- Solo E500X-EQ
Callum BoothManaging Editor
Callum is the Managing Editor of TNW. He covers the full spectrum of technology, looks after editorial newsletters, and makes the occasional Callum is the Managing Editor of TNW. He covers the full spectrum of technology, looks after editorial newsletters, and makes the occasional odd video.
Bluetooth speakers are ten-a-penny these days, but Studio19 believes its Solo E500X-EQ (catchy, I know) stands-out from the crowd. And, well, it’s half-right.
The most obvious point of difference is the set EQ sliders on top of the speaker, which allows you to change the balance of songs on the go. There’s also the fact that despite being over half a meter tall, it’s portable and has a battery that lasts for around 8 hours of play time.
Another bonus is that it has three different sound settings you can select (for music, movies, and gaming), as it aims to be able to handle your full range of audio desires. It also has a sleek look in line with current design trends (like this motion alarm or, you know, any Apple product).
But, yet, at the same time, it also looks a lot like a huge vape:
You’re not wrong, Callum, but I tend to buy audio devices more for how they sound than look.
In regards to the audio quality, the Solo E500X-EQ does… okay. It’s far from terrible, but, honestly, I was expecting more from a device that costs £400 (approximately $530).
The bass on the Solo is a good place to start. One of the device’s selling points is its “Dual Pressure Air Compression” technology, something patented by the makers Studio19. Basically, this is a way of creating a deep and full bass using… air, meaning there’s no need for a bulky subwoofer. And it works, kinda.
On tracks like Roots Manuva’s ‘Witness (1 Hope)’, the bass has a meaty thud that anchors the song without overwhelming it. But, on tracks not built to be so bass-centric, such as Lotus Plaza’s ‘Eveningness,’ the Solo produced a low-end boom that overwhelmed the song, rather than complimenting it.
Now, it’s during moments like this the EQ sliders on the top of the device came in handy, but I found I was having to make adjustments too regularly. Finding a sweet spot was more difficult than it should’ve been.
So it’s not that great?
Well, the Solo does have a fair amount of positives. It pumps out a lot of noise for a portable speaker and is a fair chunk louder than my beloved UE BOOM 2. Generally, songs sound crisp and rich on the Solo, but I would say this speaker is better suited for people who enjoy electronic music, hip hop, and other bass-heavy music.
It also has an HDMI and aux input, which makes it easy to connect to your TV and non-bluetooth devices. I found that switching between the three aforementioned sound settings (movie, music, and game) didn’t make a whole lot of difference, so I ended up adjusting the EQ sliders manually. When I did use the Solo for gaming or watching a film though, I found the booming bass to be more of a boon than drawback.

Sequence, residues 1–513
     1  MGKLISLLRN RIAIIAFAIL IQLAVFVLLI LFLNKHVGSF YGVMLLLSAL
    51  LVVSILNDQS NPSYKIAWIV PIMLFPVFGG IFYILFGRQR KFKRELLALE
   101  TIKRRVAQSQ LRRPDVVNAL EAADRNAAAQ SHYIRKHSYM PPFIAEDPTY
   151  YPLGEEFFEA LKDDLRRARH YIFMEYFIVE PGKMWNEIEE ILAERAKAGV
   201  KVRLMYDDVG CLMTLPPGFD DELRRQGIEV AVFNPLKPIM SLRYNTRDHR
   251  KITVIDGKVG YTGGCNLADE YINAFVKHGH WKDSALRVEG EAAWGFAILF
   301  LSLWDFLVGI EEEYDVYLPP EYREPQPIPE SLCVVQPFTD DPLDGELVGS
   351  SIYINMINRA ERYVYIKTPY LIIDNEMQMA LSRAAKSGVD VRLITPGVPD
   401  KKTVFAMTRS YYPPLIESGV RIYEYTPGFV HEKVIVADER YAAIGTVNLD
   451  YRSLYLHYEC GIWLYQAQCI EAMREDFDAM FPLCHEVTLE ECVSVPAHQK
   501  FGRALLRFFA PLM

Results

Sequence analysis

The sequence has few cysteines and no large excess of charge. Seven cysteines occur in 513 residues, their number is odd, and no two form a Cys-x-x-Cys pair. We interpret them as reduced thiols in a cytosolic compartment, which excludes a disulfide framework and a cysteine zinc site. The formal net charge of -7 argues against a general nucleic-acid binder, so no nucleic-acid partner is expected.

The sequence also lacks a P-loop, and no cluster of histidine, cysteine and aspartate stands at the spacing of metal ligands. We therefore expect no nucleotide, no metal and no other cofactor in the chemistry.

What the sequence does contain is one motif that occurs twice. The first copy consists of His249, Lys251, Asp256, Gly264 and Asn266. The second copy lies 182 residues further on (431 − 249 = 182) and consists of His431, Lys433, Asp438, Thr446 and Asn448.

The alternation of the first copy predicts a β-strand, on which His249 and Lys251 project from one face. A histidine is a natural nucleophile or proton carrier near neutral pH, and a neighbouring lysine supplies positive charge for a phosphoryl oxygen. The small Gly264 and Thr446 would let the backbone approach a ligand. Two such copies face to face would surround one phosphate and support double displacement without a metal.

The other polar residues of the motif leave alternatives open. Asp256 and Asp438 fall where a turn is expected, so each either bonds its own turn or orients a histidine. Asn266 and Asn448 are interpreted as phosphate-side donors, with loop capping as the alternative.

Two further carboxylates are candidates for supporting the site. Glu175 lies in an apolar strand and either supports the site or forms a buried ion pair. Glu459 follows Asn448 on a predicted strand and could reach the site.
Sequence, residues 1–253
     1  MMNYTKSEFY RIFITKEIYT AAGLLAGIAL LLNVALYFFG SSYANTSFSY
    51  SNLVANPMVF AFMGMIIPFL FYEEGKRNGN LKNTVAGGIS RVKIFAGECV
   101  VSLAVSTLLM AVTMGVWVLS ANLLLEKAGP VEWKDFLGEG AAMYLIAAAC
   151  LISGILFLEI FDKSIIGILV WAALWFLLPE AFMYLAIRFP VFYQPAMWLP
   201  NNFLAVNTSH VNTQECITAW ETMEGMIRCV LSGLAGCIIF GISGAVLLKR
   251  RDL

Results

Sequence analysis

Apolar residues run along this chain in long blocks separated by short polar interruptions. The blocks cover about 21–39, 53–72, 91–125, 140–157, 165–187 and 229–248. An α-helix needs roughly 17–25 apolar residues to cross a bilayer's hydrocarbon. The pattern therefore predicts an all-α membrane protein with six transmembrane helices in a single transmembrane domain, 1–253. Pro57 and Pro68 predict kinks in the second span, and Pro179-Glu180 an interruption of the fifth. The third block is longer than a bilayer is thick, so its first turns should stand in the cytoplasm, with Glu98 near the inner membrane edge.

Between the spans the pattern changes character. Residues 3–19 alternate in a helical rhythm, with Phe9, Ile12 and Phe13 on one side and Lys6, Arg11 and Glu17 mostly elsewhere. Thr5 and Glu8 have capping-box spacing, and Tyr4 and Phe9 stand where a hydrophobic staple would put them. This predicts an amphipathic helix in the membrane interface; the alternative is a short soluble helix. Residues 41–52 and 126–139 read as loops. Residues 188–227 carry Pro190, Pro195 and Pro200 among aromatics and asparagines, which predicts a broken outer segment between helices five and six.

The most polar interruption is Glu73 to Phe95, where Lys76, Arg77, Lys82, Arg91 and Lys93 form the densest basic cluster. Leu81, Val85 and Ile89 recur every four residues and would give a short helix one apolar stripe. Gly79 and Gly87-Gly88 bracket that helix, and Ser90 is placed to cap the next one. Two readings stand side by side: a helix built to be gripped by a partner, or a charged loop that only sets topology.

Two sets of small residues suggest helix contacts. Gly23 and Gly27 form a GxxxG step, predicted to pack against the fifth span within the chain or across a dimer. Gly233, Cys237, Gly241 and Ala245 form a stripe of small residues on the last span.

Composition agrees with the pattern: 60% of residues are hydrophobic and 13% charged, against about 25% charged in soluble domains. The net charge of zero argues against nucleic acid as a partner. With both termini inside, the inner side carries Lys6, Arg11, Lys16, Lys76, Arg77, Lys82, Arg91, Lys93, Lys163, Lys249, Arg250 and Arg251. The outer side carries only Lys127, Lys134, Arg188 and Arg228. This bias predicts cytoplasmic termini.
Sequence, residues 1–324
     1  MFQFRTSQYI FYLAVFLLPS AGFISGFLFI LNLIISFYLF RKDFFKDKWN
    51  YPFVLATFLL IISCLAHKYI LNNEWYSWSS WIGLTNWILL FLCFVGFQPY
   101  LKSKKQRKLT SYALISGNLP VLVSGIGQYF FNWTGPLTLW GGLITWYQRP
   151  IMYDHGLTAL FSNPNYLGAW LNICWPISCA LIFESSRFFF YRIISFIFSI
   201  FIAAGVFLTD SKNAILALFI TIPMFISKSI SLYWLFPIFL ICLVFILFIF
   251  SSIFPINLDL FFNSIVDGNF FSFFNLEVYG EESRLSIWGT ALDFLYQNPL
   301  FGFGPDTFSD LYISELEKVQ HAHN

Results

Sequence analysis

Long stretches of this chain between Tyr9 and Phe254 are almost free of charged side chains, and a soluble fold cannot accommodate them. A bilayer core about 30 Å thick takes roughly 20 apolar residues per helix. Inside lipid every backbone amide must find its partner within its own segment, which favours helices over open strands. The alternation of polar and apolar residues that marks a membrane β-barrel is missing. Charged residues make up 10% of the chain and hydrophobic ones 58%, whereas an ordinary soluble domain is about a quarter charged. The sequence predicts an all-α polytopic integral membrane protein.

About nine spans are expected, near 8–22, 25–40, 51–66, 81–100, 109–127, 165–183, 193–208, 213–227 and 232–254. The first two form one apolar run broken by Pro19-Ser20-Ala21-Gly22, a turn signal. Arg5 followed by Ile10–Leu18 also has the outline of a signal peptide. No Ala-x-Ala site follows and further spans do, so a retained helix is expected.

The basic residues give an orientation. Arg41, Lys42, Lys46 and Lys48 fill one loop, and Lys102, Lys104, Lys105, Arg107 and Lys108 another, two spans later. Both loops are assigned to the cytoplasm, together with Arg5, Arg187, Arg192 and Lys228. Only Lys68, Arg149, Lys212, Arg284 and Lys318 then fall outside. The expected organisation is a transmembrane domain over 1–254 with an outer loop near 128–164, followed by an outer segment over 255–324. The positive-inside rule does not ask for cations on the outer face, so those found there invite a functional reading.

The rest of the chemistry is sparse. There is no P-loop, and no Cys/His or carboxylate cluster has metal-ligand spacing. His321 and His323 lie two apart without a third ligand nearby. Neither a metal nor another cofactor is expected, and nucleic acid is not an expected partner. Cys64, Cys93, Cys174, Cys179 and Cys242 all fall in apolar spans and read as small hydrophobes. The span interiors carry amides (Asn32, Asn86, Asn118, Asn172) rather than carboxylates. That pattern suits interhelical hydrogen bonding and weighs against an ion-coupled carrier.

Still, for $530, you can grab separate components like the amazing Onkyo A-9010 amplifier and the Klipsch R-15M bookshelf speakers, and have one hell of an audio set-up at home. I put this thought to the company.
“Our speaker is designed to give you freedom and flexibility,” Hoj Parmar, CEO of Studio19 told me. “It can be taken from room to room, or outside in the garden… it’s a really portable HiFi entertainment system.”
That’s something I did find impressive about the Solo. It was easy to literally pick up and take with you when you were chilling in the lounge, cooking, or hanging outside. Even though, I think the company should include a travel case with purchase. While the Solo isn’t particularly heavy (I’d guess around 5kg) moving the device can be awkward due to its size, which does limit the speaker’s portability.
When I asked Studio19 why someone should choose its speaker over a product from, say, Bose or Harman Kardon, the company pointed to the versatility of the Solo. Specifically, Parmar highlighted how the device “converges the audio experience across music, movies, and gaming.” He believes there’s “no product on the market comparable” with the Solo and, in many ways, he’s not wrong.
An ominous way to end that section there, bud.
The Solo’s not really like any speaker I’ve used, which is both a positive and negative. For every good point (the EQ sliders on the top), there’s a bad one (the fact you can’t see the numbers in certain light).
Take the LED strip at the base of the Solo:
This makes the Solo look great in certain situations, but it also automatically turns on when you power-up the unit – irregardless of whether you had it turned off when you last used the device. And, while the speaker works great, the lack of a companion app to turn on the speaker, activate the light, or adjust the EQ is a shame.
Right, so what do you think of it overall?
Basically, it’s a good all-around speaker, but not an exceptional one. Versatility is its main differentiating factor. It can handle almost any situation you throw at it, but you’re more likely to be wowed by the different ways you can use it, than its audio quality. In other words, it stands out from the crowd by being the most average.
How useful this is depends on your situation. Looking for a speaker to do everything? You could do far worse than the Solo E500X-EQ. But, if you want a speaker for a specialized use – say as on-the-go audio device or just for the TV – then I’d suggest you look elsewhere.
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